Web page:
Clinical Chemistry and Laboratory Medicine (CCLM)
Published in Association with the European Federation of Clinical Chemistry and Laboratory Medicine (EFLM)
Editor-in-Chief: Plebani, Mario
Ed. by Gillery, Philippe / Lackner, Karl J. / Lippi, Giuseppe / Melichar, Bohuslav / Schlattmann, Peter / Tate, Jillian R.
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Pretreatment of Serum Containing Hemoglobin Vesicles (Oxygen Carriers) to Prevent Their Interference in Laboratory Tests
Citation Information: Clinical Chemistry and Laboratory Medicine. Volume 41, Issue 2, Pages 222–231, ISSN (Print) 1434-6621, DOI: 10.1515/CCLM.2003.036, June 2005
- Published Online:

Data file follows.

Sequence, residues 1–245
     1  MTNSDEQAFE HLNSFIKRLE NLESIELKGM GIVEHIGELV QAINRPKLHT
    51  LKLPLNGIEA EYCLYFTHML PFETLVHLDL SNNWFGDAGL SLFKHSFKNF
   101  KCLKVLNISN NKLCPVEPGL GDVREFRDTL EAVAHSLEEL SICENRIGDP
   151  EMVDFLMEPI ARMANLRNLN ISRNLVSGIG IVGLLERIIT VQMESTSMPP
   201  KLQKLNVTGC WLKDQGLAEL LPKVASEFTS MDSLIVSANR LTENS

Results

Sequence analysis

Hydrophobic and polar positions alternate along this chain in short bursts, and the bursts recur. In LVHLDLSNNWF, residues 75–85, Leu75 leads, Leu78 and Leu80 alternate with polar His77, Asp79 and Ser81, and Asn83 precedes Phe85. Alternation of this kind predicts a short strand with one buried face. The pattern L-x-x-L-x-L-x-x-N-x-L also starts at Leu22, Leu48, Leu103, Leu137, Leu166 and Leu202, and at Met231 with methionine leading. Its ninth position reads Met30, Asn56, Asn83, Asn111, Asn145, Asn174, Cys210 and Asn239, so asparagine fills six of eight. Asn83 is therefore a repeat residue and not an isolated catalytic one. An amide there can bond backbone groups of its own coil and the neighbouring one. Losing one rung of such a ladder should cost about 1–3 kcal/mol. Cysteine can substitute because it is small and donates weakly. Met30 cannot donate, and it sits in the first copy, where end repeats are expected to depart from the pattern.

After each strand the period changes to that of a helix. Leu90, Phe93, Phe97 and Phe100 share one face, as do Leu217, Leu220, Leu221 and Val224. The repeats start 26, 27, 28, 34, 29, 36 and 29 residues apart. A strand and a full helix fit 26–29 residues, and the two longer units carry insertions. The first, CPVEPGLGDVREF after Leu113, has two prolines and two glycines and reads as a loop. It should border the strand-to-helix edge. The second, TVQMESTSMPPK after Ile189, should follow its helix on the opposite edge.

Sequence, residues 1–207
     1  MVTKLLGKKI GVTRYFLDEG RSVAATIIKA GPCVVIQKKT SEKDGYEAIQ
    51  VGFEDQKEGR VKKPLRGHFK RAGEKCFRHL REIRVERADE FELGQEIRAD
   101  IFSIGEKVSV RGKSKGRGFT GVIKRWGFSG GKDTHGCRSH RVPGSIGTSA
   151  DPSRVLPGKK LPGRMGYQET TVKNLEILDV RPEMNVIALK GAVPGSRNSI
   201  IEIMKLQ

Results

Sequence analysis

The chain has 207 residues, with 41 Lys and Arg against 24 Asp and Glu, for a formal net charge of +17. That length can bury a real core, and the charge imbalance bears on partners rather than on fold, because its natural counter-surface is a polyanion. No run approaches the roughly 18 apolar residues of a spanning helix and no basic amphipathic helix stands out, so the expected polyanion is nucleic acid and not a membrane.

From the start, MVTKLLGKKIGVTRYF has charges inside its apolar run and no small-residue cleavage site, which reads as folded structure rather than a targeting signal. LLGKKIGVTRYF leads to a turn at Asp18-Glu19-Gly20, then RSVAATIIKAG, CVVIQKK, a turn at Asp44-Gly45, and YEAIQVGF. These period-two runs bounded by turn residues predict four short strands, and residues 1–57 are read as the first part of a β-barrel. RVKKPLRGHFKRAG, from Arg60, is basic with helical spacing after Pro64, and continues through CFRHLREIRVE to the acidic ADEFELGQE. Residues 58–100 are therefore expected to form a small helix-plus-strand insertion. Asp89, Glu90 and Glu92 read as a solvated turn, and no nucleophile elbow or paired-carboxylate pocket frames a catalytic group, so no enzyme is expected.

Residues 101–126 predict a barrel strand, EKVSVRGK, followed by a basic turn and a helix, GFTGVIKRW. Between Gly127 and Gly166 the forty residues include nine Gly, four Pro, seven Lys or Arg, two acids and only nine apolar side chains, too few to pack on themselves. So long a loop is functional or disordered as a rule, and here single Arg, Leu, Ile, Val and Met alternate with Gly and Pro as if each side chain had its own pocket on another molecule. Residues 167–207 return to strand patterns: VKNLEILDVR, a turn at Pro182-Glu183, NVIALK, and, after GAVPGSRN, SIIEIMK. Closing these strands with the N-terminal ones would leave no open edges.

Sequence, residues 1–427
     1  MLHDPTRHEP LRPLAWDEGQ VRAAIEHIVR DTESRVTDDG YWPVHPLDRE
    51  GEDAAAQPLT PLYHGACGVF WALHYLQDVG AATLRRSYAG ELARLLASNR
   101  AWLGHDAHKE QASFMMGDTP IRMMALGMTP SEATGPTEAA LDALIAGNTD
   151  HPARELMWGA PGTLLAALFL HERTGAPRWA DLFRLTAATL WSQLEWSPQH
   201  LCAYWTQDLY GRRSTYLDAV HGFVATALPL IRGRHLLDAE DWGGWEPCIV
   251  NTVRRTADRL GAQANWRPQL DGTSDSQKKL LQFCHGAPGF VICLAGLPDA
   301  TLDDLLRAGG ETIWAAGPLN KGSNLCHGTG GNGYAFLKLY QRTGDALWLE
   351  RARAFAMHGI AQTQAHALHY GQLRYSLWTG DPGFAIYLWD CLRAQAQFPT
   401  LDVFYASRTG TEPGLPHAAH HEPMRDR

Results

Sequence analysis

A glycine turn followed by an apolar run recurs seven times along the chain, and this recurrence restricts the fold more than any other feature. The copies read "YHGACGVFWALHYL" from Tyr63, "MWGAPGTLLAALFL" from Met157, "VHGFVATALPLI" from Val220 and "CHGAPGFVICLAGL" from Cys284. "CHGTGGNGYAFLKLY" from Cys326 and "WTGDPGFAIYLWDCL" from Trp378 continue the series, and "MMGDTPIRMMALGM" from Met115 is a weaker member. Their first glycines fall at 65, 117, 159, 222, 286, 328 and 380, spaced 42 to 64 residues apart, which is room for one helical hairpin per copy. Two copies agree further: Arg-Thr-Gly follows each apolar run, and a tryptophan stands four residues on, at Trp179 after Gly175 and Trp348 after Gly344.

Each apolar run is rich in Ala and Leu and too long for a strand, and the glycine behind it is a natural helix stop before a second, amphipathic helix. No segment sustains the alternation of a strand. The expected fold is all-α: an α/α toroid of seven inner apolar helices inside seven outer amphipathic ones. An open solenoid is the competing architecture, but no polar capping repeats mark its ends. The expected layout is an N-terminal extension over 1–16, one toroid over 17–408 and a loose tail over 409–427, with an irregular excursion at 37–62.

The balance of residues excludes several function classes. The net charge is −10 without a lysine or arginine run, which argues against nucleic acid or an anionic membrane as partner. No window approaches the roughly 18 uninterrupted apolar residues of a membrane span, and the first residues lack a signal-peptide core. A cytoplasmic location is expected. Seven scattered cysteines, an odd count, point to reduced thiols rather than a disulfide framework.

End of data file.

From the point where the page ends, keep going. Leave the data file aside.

Hemoglobin vesicles (HbV, diameter: 251±81 nm) are artificial oxygen (O2) carriers encapsulating concentrated hemoglobin (Hb) solution with phospholipid bilayer membrane, and their O2 transporting ability in vivo has been extensively studied. It is important to clarify the interference of the HbV suspension in clinical laboratory tests performed on serum and to establish a pretreatment method to avoid such an interference. The HbV suspension, acellular Hb solution ([Hb] = 10 g/dl) or saline, was mixed with a pooled human serum at various ratios up to 50 vol% ([Hb] = 5 g/dl), and the magnitude of the interference effect of HbV and Hb on 30 analytes was studied. The mixture of the HbV suspension and serum was ultracentrifuged (50000 g, 20 min) to remove the HbV particles as precipitate, and the supernatant was analyzed and compared with the saline control group. The HbV particles were also removed by centrifugation (2700 g, 30 min) in the presence of dextran (Mw 200 kDa). The HbV suspension showed considerable interference effects in most analytes. The majority of these effects was more serious than those of the acellular Hb solution. These findings are thought to be due to the light absorption of Hb in HbV and/or the light scattering generated in the suspension that interferes with the colorimetric and turbidimetric measurements. The components of HbV may also interfere with the chemical reactions of the studied assays. However, removal of the HbV from the supernatant diminished the interference in most of the assays: this is an advantage of HbV in comparison with acellular chemically modified Hb solutions.
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